Salmon Arm’s ties to Ottawa are deepening, at least for some young Canadian cross-country skiers.
Last Tuesday, Dec. 2, 16 members of Ottawa’s Nakkertok Nordic Cross-Country Ski Club, all 13 years old, arrived in Salmon Arm for a one-week stay to be hosted by 20 counterparts in the Larch Hills Ski Club.
They came thanks to SEVEC, the Society for Educational Visits and Exchanges in Canada.
The Ottawa club participates in the exchange every year, explains one of the Salmon Arm organizers, Suzy Beckner. The exchange must include at least a 30 per cent cultural or historical component.
During their week in the Shuswap, the skiers’ itinerary included a trip to the railway museum in Revelstoke, First Nations cultural activities at Quaaout Lodge, as well as a cross-country ski race in Vernon.
The Observer caught up with the skiers on their second day, when they were making artist trading cards at the Salmon Arm Art Gallery, to be followed by a scavenger hunt at the SASCU Downtown Activity Centre.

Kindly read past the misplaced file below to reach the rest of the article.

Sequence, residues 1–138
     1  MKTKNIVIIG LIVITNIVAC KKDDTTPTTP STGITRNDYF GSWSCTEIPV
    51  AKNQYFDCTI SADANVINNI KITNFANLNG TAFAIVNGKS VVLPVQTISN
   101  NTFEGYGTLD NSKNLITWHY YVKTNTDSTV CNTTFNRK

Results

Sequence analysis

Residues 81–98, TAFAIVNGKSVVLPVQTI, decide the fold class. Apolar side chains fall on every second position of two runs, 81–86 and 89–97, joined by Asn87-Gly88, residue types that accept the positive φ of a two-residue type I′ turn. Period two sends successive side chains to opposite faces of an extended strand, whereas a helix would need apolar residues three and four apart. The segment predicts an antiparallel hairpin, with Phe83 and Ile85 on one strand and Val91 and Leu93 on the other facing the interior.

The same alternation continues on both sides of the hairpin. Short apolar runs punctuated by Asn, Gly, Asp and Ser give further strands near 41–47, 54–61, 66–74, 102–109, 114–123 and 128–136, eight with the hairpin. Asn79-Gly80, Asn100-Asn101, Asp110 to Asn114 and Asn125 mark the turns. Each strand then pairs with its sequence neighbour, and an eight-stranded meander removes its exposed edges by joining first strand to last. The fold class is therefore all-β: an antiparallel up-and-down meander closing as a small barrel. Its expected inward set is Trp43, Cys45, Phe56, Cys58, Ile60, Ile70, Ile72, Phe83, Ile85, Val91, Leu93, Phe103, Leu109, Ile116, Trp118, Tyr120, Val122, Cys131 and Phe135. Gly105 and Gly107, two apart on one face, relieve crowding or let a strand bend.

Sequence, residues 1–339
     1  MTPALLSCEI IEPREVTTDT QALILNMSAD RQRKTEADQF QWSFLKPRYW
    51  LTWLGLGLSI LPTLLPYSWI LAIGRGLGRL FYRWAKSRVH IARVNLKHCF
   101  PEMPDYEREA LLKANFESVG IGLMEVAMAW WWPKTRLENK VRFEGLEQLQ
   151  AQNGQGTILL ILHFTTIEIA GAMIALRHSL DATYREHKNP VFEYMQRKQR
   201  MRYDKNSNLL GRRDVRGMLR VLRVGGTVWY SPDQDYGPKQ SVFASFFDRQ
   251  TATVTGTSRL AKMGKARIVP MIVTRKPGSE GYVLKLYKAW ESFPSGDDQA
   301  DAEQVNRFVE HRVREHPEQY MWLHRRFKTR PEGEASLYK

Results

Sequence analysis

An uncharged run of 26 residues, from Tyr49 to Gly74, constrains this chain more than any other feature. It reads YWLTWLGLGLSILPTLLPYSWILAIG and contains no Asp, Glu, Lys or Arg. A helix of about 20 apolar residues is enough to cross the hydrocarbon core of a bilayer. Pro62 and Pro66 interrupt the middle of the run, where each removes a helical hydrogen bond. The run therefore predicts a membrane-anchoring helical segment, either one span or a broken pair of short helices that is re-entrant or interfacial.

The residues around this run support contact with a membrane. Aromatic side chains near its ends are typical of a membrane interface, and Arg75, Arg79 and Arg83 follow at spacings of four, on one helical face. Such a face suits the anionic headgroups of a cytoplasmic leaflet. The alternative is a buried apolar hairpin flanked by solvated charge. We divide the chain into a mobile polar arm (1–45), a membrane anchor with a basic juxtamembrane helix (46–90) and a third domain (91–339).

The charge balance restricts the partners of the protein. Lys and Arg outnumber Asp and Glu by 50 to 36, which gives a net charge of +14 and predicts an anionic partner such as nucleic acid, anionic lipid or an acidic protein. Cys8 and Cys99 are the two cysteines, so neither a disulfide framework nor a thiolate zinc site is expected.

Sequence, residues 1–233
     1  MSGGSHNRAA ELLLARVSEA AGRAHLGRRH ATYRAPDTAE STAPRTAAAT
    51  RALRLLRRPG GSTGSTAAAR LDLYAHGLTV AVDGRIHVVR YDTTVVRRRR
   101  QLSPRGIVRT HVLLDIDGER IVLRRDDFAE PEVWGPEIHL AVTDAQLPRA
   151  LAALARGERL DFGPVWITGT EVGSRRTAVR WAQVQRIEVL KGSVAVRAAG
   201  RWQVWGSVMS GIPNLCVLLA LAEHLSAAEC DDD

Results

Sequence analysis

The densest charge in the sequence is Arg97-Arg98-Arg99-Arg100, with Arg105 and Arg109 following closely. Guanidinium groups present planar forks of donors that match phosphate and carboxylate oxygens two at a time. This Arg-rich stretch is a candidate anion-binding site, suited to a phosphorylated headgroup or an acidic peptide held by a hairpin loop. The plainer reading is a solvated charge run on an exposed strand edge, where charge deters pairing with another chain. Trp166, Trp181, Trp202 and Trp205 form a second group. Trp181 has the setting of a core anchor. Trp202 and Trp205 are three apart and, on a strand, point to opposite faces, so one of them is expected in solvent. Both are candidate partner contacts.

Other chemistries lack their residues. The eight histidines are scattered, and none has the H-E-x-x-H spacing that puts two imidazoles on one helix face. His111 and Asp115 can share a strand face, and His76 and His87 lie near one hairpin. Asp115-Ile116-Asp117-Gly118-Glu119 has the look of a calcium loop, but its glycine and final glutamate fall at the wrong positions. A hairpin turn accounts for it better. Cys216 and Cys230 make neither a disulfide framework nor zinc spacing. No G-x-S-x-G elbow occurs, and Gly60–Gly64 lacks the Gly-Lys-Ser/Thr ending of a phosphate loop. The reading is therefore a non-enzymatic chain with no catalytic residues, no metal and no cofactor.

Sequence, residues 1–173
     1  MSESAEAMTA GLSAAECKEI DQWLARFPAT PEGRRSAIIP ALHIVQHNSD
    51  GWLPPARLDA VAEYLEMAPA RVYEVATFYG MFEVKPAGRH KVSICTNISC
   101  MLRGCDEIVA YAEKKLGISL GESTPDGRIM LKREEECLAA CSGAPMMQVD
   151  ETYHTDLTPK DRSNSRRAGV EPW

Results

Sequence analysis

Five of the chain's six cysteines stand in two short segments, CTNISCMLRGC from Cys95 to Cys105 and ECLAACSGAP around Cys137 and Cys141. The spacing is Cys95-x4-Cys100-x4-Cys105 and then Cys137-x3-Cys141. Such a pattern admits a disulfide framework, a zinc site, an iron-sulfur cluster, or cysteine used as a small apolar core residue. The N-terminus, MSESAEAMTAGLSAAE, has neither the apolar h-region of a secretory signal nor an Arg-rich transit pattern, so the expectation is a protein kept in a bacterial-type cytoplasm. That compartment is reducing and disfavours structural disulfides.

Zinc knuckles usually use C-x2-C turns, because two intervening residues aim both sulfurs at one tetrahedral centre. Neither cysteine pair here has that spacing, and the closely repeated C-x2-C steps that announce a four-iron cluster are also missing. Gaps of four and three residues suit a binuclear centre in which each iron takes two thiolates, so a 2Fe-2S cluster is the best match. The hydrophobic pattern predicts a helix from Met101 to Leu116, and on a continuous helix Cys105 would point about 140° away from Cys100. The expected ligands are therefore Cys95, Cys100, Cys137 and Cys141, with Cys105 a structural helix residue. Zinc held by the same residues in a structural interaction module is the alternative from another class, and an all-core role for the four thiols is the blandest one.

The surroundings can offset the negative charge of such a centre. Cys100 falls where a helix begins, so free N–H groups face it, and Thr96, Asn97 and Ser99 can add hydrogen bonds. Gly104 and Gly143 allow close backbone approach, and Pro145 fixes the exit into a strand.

Although the visitors hadn’t much time to acclimatize, Carter Saunders from Ottawa said it was already “really fun.” He was being billeted with David Bakker’s family, and Bakker agreed.
“It’s a lot of fun. We haven’t done any skiing yet – but it’s very interesting to learn what life is like in a larger city.”
Saunders said one of the first things he noticed in Salmon Arm is it’s a lot less busy than Ottawa, while his friend Cameron Pouw took note of how spread apart houses are.
Also unlike Salmon Arm and the Larch Hills, the boys said there was no snow in Ottawa.
The Nakkertok club is considerably larger, too, with 1,400 members, compared to Larch Hills’ current 660 members, although the local total is expected to climb to more than 900 in January. The Nakkertok website describes it as the largest cross-country ski club in Canada, with 75 kilometres of expertly groomed trails on privately-owned land in the Gatineau Hills.
Teagan Shapansky and Ella Barney came from Ottawa and were both excited to be in another province to ski, as well as to experience life in different homes with different families.
Beckner explained the Ottawa club contacted Larch Hills with the proposal. It’s an affordable endeavour because SEVEC pays for the flights while the host club is responsible only for the cost of the activities.
All the students must miss a week of school, something which Larch Hills skier Emma Levins, who is happy to be participating, described as both good and bad – bad only because the students are still responsible for all the school work they miss.
Come January, the Larch Hills skiers will be heading off on an adventure of their own – joining their new friends in their homes and on their ski trails in Ottawa.